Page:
Saturday, August 27, 2005

Glasgow Public Buildings

The Scottish Exhibition and Conference Center

A sad and savage victim of European bureaucratic architectural brutalism, the SECC looks good when photographed from the south bank of the Clyde, but is about as unfriendly to humans as any public building I have ever been in. Full of corridors that dead end without warning, signage that excels at creating confusion as the primary experience of place, and a hard surface to sound ratio that must be heard to be believed. Some sections of this structure cannot be accessed from other sections without first exiting the building, walking through mud filled parking areas and re-entering, often on a different level, to reach a room purportedly on the same level one had just left. An amazingly ill designed bit of European Union Redevelopment Folly.
Glasgow Central Station

A wonderful industrial Victorian space filled with art noveau metalwork and a vivid sense of place and time.

Glasgow University

The beautiful and moving Victorian main building sits amid a great green just west of Kelvingrove.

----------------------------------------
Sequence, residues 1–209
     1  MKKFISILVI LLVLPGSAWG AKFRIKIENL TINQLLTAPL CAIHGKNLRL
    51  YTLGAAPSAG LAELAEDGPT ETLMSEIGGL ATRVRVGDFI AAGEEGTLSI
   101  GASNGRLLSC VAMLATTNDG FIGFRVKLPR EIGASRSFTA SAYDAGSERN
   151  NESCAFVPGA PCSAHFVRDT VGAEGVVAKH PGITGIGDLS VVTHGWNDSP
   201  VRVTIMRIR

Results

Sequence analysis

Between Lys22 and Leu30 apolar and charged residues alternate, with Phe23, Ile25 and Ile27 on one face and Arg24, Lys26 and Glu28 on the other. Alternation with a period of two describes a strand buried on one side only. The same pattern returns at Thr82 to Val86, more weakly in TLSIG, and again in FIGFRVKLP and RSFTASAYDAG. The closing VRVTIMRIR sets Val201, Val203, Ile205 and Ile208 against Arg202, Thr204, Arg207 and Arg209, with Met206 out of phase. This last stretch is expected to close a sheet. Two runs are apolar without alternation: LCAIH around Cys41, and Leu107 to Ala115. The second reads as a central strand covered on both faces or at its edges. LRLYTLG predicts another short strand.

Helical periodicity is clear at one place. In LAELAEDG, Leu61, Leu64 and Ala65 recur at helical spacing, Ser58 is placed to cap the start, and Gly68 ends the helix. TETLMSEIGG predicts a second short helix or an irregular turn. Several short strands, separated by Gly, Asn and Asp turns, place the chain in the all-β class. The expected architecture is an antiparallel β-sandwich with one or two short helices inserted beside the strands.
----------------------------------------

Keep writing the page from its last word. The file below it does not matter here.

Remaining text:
Glasgow Science Center

This museum to the love of science is full of great hands-on activities that give children of all ages delight. The wonderful great curves of the exterior contain a wonderfully functional interior.

Opposite the SECC on the banks of the Clyde, it is also opposite the SECC in its success as a public building. This is the very essence of what a public space should be.

Glasgow Cathedral

Another marvelous Glaswegian stone structure.

1 comment:

Jim Carroll said...

Dear Handdrummer,
I've returned to your blog and am very impressed as well as in total agreement about the SECC. Yes, it is hard to explain how they managed to conceive or birth such a thing. The only possible excuse would the euphoria that possessed Glasgow in the wake of the year spent being "European City of Culture" and concommitant Garden Festival held on the site occupied by said SECC.
Your views of Glasgow University seem taken with affection for the place, which pleases me as I remember it fondly although from a distance now. Your comment on Glasgow Central Station is spot on.
The space underneath the station seen clearly in your photo is called in Glasgow "The Heilanman's Umbrella" (Highlander's Umbrella) as it was where the northerners were known to shelter prior to meeting friends. This you possibly know, but just in case.
Yes, most definitely I will gladly return. For the moment I think I'll read on. Think I can see some interesting thoughts further down,